First world problem? Absolutely. It’s not even an actual problem.

But one day on a whim I bought a Brita filter. Then, I searched on Amazon for glass bottles–I’d heard those were the most environmentally friendly method of having transportable water regularly available. My idea was to recreate the feeling of having a fridge stocked with Poland Springs by filling glass bottles with filtered water.

And that’s exactly what I did. Now I feel like a positive, non-psycho Patrick Bateman with these clean, slick glass water bottles in my fridge.

It takes a little while to fill them all up with water from the filter (I have to fill the filter up too from time to time, too) and yeah, it could be considered a little annoying, but it couldn’t be more worth it.

Now, I know how little I’m hurting the planet compared to what I could be doing. I know how much goodness I’m giving my body compared to the sugary garbage I could be drinking. And it all just contributes to this feeling of positivity and health that seeps into the rest of my life. It feels so silly to type out, but it’s true! It’s to the point where I’m gratified and happy to fill up those stupid bottles every couple of days. Because I know that little bit of effort allows a healthier alternative to stay viable.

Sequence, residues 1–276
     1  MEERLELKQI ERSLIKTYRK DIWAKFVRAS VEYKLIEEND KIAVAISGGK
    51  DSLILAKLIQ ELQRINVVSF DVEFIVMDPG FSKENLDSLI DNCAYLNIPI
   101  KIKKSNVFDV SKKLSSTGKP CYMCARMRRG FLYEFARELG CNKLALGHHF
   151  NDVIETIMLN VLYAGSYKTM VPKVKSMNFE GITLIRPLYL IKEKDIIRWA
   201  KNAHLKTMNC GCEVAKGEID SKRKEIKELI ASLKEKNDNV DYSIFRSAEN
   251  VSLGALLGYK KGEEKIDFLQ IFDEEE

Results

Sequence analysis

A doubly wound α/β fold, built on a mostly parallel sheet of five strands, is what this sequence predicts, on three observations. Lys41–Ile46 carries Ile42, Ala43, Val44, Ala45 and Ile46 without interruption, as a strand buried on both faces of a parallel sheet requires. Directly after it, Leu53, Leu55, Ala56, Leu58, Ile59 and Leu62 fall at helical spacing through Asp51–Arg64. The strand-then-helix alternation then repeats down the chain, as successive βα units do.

So, in your life, look for those micro pain points. Go super granular and not-really-a-problem, like I did. Attack and optimize enough of them, and you start to feel more positive and intentional in so many moments of your day. That adds up, and it’s important.

Set it and forget it

The real power of a system like this comes once you’re able to get into a multi-day, multi-week groove with it. The goal is to look up one day and not even realize you’ve been doing it.

Usually in our lives–certainly in mine–that experience is reserved for unhealthy habits that creep in and take hold of us.